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From Wikipedia, the free encyclopedia

Born August 31, 1975 (1975-08-31) (age 34),
Denver, CO
Height
Weight
6 ft 2 in (1.88 m)
220 lb (100 kg; 15 st 10 lb)
Position Goaltender
Catches Left
NHL team (P)
Cur. team
F. teams
Colorado Avalanche
Lake Erie Monsters (AHL)
Boston Bruins
Tampa Bay Lightning
Carolina Hurricanes
KHL
Avangard Omsk
Ntl. team  United States
NHL Draft 229th overall, 1994
Boston Bruins
Playing career 1997 – present

John Gillies Mark Grahame (born August 31, 1975, in Denver, Colorado) is a professional ice hockey goaltender, currently playing for Lake Erie Monsters of the American Hockey League.

Contents

Playing career

Grahame played in the USHL for the Sioux City Musketeers before he was drafted in the ninth round, 229th overall by the Boston Bruins in the 1994 NHL Entry Draft. He then elected to play three years of collegiate hockey with Lake Superior State of the CCHA.

John turned professional in the 1997–98 season, and was assigned by the Bruins to start for the Providence Bruins. In his second pro year, Grahame returned to the P-Bruins and took the team to the playoffs, leading them to victory in the Calder Cup.

In the 1999–00 campain, Grahame started the season back in Providence, but was called up to the Boston Bruins mid-season to backup Byron Dafoe in the Bruins' net, where he played credibly and was second in balloting to the league's all-rookie team. However, a broken ankle in the 2000 offseason took a long time to heal, and Grahame struggled to recapture his form.[1] He played for the next three seasons in Boston before being traded midseason in 2003 to the Tampa Bay Lightning. The following season, Grahame returned to standard, having the best season of his career as a backup for the Stanley Cup-winning club. He became Tampa Bay's starting goalie in the 2005–06 NHL season, but was criticized publicly by head coach John Tortorella after consecutive poor starts which contributed to the Lightning being eliminated in the first round of the Playoffs.[2]

Grahame signed a two-year, $2.8 million contract with the Carolina Hurricanes on July 1, 2006.[3] He was placed on waivers by the Hurricanes on January 4, 2008. The Hurricanes called up Michael Leighton from the team's AHL affiliate, the Albany River Rats, to replace him as the team's backup goaltender after Grahame began the season with a 4–6–1 record. The Hurricanes recalled Grahame on January 21.

During this time, Grahame played a single game for the United States Olympic team in the 2006 Winter Olympics, and also was the starter for the United States National Team in the 2007 World Championships.

In May 2008, after the conclusion of the Hurricanes' season, as a free agent, Grahame signed with Avangard Omsk of the new Kontinental Hockey League. However on 9 December 2008, Grahame left Omsk and became a free agent once more. Avangard Omsk stated that the reason for contract cancellation was Grahame's constant problems with alcohol.

On January 14, 2009, Grahame returned to Omsk to appeal the cancellation of his contract. He disputed that he had a drinking problem. Amidst problems with personnel, Grahame was denied his appeal.[4]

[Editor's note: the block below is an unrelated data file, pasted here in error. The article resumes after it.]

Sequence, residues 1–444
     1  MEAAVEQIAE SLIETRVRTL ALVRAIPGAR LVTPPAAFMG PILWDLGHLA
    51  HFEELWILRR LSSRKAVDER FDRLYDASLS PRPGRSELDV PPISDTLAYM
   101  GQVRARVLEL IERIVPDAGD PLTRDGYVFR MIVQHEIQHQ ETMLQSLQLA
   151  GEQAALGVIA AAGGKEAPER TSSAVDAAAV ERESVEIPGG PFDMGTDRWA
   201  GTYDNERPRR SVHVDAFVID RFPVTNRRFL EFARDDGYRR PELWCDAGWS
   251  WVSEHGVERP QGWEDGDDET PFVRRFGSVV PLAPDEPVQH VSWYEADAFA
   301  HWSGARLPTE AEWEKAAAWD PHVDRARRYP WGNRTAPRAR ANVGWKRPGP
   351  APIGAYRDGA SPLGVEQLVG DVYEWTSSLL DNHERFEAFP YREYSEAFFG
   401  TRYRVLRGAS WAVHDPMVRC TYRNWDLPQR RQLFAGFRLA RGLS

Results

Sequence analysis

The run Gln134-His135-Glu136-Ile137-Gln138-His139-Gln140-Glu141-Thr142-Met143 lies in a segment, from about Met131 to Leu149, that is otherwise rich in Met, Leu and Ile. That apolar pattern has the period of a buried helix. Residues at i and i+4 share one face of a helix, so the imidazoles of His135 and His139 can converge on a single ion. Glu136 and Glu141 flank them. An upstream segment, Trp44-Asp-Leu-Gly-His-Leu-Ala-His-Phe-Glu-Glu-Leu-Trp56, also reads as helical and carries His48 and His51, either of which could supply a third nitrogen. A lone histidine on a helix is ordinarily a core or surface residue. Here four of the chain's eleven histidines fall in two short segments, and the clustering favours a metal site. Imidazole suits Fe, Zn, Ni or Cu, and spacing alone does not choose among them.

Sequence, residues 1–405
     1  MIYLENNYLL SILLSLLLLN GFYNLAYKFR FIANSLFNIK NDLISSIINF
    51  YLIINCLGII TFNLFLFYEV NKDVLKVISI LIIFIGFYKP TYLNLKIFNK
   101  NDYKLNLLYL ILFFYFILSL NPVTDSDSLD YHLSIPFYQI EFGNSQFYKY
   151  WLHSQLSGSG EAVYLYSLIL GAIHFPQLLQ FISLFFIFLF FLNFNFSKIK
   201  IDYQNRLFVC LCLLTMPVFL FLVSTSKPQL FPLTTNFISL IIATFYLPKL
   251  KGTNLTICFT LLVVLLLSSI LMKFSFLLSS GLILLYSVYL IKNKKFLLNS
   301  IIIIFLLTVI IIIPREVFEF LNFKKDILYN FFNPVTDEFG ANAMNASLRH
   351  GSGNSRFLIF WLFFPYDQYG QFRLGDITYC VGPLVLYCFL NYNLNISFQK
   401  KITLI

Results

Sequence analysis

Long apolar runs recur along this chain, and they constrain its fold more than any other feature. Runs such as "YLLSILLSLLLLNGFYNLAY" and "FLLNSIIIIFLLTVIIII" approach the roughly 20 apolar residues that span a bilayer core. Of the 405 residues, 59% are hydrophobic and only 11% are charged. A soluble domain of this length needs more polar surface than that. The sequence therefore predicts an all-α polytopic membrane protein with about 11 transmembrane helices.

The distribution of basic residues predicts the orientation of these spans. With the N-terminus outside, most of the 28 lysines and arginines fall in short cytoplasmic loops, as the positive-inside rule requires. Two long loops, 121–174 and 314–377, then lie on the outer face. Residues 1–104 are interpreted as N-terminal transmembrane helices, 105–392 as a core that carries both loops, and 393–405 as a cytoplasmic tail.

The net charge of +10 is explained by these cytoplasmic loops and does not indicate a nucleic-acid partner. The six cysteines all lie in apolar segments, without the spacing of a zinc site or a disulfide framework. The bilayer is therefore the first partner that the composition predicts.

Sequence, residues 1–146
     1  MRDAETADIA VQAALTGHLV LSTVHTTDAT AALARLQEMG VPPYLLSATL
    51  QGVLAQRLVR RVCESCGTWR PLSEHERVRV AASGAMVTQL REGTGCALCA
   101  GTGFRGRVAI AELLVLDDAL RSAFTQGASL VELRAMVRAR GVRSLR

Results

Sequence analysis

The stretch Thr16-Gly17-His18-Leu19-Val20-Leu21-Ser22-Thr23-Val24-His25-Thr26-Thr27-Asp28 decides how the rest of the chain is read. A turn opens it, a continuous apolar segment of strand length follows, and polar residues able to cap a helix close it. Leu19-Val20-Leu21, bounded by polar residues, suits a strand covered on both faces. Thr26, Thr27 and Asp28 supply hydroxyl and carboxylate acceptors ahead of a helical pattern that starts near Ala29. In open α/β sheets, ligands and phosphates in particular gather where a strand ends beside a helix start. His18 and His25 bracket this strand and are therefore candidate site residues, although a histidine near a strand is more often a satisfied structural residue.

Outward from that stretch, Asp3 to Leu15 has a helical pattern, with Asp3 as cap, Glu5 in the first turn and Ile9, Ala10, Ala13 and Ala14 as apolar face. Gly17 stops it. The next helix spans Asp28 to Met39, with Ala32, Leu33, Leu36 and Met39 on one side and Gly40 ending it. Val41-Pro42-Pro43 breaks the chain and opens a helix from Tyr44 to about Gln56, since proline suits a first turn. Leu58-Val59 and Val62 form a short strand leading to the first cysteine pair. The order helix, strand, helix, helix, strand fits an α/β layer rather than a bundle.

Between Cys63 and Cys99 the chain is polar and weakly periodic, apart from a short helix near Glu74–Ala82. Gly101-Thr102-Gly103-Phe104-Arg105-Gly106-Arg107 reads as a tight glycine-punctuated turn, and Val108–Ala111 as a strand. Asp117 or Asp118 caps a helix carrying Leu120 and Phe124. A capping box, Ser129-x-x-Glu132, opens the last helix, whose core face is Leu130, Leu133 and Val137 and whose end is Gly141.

On December 12, 2009, Grahame signed a professional tryout contract for the 2009–10 season with the Philadelphia Flyers AHL affiliate, the Adirondack Phantoms. After playing in 12 games with the Phantoms Grahame signed a contract with the Colorado Avalanche and was assigned to the injury-hit Lake Erie Monsters on March 3, 2010.[5]

Personal

He is the son of retired professional goaltender Ron Grahame. His father was traded for the draft pick used to select John Grahame's future teammate Ray Bourque. His mother, Charlotte was a member of the front office of the 2001 Colorado Avalanche that won the Stanley Cup.

Career statistics

Regular season Playoffs
Season Team League GP W L T/OT MIN GA SO GAA SV% GP W L MIN GA SO GAA SV%
1994–95 Lake Superior CCHA 28 16 7 3 1616 75 2 2.78 .887
1995–96 Lake Superior CCHA 29 21 4 2 1658 67 2 2.42 .904
1996–97 Lake Superior CCHA 37 19 3 4 2197 134 3 3.66 .876
1997–98 Providence Bruins AHL 55 15 31 4 3053 164 3 3.22 .898
1998–99 Providence Bruins AHL 48 37 9 1 2771 134 3 2.90 .896 19 15 4 1209 48 1 2.38 .912
1999–00 Providence Bruins AHL 27 11 13 2 1528 86 1 3.38 .902 13 10 3 839 35 0 2.50 .917
1999–00 Boston Bruins NHL 24 7 10 5 1344 55 2 2.46 .910
2000–01 Providence Bruins AHL 16 4 7 3 893 47 0 3.16 .899 17 8 9 1043 46 2 2.65 .923
2000–01 Boston Bruins NHL 10 3 4 0 471 28 0 3.57 .867
2001–02 Boston Bruins NHL 19 8 7 2 1079 52 1 2.89 .897
2002–03 Boston Bruins NHL 23 11 9 2 1352 61 1 2.71 .902
2002–03 Tampa Bay Lightning NHL 17 6 5 4 914 34 2 2.23 .920 1 0 1 111 2 0 1.08 .958
2003–04 Tampa Bay Lightning NHL 29 18 9 1 1688 58 1 2.06 .913 1 0 0 34 2 0 3.53 .882
2005–06 Tampa Bay Lightning NHL 57 29 22 1 3152 161 5 3.06 .889 4 1 3 188 15 0 4.79 .847
2006–07 Carolina Hurricanes NHL 28 10 13 2 1515 72 0 2.85 .897
2007–08 Carolina Hurricanes NHL 17 5 7 1 848 53 0 3.75 .875
2007–08 Albany River Rats AHL 7 4 3 0 415 21 0 3.04 .912
2008–09 Avangard Omsk KHL 20 9 10 1 1195 57 3 2.86 .896
NHL Totals 224 97 86 18 12363 574 12 2.79 .898 6 1 4 333 19 0 3.42 .883

See also

References

External links

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